M aybe the most obvious discrepancy between mechanical and sonic measurements is seen as different dependencies on moisture content. The mechanical moduli decrease exponentially as moisture content of wood or plastic increases. Sonic data indicate that the acoustic Young’s modulus does not decrease nearly as fast as a function of percent moisture content. Maybe virtuosic performers can tell the difference between a humid bowstick and a very dry bowstick. But the opportunity to assess this almost never arises. The other variables (effect of humidity on bowhair, on instrument, etc.) would be far larger than the effect on just the bowstick. So assume c and E are constant in any particular bowstick...

M ost bow making and materials science literature neglects the fact that Young’s modulus is not a constant, fixed number. But Young’s modulus is the slope of the stress-strain curve. This curve is not necessarily a straight line; in fact, usually only portions of the curve are somewhat straight. It has bends and shoulders in it. The slope is not constant. And some materials are more non-linear than others. Polymers’ Young’s modulus values are especially curvy—they increase by up to 30% as strain increases, because of changes in molecular alignment of the polymer chains as the plastic is put under more stress and stretches. Would this influence the difference between the carbon-fiber bow and pernambuco bow sounds?

C arbon fiber can increase in modulus by 25% from zero strain to ultimate strain. Composite materials do change in modulus as fiber alignment changes due to strain. The fact that the speed of sound can increase with increasing stress is used in aerospace industry to accurately measure and QA the torque that’s applied to bolts and other fasteners in airplanes and spacecraft. An ultrasonic signal to measure the speed of sound in a torqued bolt is compared with a non-torqued control fastener. But the few Newtons of force generated by a violin bow screw tightening the bowhair are not enough to change E or c by even 1%. So assume these properties are constant, in any bow engineering or experiments we do...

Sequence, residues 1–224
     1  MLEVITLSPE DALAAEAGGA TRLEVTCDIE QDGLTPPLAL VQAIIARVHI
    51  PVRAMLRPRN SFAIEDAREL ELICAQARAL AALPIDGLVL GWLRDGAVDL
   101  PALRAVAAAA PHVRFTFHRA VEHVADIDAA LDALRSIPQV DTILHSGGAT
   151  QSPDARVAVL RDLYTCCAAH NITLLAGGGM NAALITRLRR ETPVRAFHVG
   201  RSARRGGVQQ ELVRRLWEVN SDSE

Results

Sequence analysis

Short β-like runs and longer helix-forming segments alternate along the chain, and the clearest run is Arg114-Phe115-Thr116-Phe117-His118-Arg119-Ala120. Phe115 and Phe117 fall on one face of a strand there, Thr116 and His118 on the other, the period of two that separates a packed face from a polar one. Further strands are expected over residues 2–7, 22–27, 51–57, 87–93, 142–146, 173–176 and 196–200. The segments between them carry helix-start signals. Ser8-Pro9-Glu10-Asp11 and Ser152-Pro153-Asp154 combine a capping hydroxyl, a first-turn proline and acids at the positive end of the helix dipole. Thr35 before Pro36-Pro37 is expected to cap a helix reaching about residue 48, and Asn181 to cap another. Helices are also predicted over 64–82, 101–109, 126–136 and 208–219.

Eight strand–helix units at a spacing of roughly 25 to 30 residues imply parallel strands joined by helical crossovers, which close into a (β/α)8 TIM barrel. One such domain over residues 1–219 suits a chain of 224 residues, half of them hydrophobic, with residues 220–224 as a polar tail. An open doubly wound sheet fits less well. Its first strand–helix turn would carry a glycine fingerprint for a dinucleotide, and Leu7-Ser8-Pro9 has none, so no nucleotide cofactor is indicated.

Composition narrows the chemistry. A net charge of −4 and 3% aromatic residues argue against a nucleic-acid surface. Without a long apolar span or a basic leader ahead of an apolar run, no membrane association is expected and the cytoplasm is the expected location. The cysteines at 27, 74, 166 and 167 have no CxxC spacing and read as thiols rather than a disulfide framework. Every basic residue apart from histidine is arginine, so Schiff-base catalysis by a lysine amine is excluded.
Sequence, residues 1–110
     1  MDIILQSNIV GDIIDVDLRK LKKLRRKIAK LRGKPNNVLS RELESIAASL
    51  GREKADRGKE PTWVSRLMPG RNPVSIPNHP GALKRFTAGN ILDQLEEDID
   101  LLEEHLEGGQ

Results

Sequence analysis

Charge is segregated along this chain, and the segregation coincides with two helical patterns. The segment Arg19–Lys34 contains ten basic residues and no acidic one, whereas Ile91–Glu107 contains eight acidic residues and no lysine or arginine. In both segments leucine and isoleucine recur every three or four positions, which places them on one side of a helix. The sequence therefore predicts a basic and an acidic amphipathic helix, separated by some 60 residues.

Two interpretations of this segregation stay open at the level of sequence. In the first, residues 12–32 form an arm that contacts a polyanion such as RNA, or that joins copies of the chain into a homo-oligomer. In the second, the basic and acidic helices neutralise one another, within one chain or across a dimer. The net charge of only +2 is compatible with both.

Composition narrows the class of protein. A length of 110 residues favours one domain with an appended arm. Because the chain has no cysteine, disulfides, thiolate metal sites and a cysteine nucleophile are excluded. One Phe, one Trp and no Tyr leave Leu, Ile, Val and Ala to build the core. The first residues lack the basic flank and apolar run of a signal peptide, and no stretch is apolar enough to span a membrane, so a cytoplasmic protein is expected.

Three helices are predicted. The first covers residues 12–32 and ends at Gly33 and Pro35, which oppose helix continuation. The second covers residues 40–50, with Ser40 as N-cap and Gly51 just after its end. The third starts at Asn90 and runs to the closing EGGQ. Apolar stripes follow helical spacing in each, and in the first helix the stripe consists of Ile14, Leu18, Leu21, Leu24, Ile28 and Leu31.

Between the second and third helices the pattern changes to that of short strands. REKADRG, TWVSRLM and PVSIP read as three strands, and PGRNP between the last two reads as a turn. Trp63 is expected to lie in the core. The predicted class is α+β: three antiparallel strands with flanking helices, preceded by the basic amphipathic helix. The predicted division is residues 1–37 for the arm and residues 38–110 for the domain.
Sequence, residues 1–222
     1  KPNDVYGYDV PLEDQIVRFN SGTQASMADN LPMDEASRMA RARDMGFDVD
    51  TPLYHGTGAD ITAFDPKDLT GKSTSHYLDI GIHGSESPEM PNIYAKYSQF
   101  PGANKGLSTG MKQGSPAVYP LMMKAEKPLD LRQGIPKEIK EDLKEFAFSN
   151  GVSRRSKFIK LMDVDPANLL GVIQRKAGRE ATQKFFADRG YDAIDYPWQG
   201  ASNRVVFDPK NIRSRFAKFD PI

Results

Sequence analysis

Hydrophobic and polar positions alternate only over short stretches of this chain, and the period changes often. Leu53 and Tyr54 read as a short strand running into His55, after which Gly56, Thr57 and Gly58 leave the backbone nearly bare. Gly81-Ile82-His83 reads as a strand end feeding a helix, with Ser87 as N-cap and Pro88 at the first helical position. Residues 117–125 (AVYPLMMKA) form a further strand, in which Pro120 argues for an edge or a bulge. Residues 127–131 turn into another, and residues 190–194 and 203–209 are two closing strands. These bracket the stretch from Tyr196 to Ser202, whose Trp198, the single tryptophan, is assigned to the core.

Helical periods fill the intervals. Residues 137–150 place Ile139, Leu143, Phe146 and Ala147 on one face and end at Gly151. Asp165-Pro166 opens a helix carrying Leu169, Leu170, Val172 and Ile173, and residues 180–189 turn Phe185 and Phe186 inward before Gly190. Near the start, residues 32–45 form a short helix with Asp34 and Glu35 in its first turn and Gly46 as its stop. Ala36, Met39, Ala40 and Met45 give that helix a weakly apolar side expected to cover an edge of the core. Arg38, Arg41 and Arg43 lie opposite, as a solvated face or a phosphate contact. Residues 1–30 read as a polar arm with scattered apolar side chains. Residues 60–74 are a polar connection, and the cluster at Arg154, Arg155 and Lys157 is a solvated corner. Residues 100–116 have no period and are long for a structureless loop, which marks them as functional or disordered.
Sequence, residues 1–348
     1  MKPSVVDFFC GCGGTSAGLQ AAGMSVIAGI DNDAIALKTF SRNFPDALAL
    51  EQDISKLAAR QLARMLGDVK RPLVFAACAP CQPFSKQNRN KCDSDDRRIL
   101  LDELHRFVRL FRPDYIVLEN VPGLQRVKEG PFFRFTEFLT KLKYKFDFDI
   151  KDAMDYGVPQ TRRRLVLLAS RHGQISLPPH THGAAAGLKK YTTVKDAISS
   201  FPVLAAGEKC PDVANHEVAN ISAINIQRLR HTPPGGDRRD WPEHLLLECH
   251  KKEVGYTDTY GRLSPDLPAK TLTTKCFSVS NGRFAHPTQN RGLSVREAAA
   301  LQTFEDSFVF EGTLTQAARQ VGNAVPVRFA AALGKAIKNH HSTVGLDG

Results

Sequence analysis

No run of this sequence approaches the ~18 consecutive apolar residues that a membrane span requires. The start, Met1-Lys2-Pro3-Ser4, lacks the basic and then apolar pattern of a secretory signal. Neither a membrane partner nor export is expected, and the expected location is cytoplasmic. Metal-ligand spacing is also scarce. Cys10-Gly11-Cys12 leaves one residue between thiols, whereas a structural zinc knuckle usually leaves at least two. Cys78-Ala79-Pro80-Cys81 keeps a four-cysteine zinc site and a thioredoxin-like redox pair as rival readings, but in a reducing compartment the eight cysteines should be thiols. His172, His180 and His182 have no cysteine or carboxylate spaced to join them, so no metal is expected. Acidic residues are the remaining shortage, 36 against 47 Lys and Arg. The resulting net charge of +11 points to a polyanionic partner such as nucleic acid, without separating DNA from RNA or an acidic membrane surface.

C arbon fiber bows are, in general, more durable than pernambuco bows. They’re fairly impervious to humidity and temperature changes, so they resist warping. And they’re priced economically (especially when compared with wooden ones that deliver similar acoustics and mechanics).

F inally and not insignificantly, carbon-fiber bows are comparatively ‘green’ environmentally (see Baillie 2005), compared to pernambuco harvested in tropical rainforest South America.

B    y the end of the eighteenth century, the once common [pernambuco tree (Pau-brasil, Caesalpinia echinata) ] had become a rare species in the state of Pernambuco and, soon thereafter, the rest of its natural habitat. By the end of the twentieth century, it has been virtually extirpated from its range and is currently registered on the IUCN World List of Threatened Trees. It is not, however, list on Appendix I or II of the Convention on the International Trade of Endangered Species (CITES) and was not officially recognized as being in danger of extinction and protect under Brazilian law until 1990. Trade in pernambuco continues to contribute to deforestation of the Atlantic rain forest and its eventual disappearance as a commercial species.
  —  Yurij Bihun, Woodwork, 2000.
T hanks for the question! I had fun exploring some of the reasons why my own wood and carbon-fiber bows are so different. I feel that I now have a better understanding of what makes my own bows behave as they do. And I hope some of the things above and the links below are useful to you as well.

 Torque equations

22 January 2009

Frozen Inaugural Quartet & The Moral Standing of Instruments

 Yo-Yo Ma, freezing on Obama inauguration dais, Washington, D.C., 20-JAN-2009

D    ue to the mistake in administering the oath of office], if in fact Barack Obama is not the President, who is? Okay, the Constitution says that the President takes office at noon on Inauguration Day, oath or no. So I’m pretty sure that means the Presidency goes to whoever was on-camera at noon. The new President is Yo-Yo Ma! ... It’s still pretty darn historic to have the first Asian-American President and the first Vice President who is a cello.”
  —  Steven Colbert, Comedy Central , 21-JAN-2009.
S    upposedly, Oistrakh once recorded Paganini’s 17th Caprice in one take, in an unheated, freezing-cold studio in Russia in wintertime. Impressive.”
  —  Carl Fulbrook, Cambridge (Churchill College Music Society).
C ellist Yo-Yo Ma, violinist Itzhak Perlman, clarinetist Anthony McGill, pianist Gabriela Montero performed at the Obama Inauguration on Tuesday. The quartet played a piece by composer Williams called ‘Air and Simple Gifts’ immediately before Obama was sworn in. It was 31 °F (-1 °C). The wind was blowing at about 3 mph (5 km/h). Attendees seated nearby were bundled up in scarves and thick winter coats and knit hats pulled down over their ears. How is it possible to play in such conditions? Those of us who have performed outdoors in freezing weather—in a marching band or brass band, say—dread it. But violin? Cello? Piano? Inconceivable! At least Gabriela had some fingerless gloves on…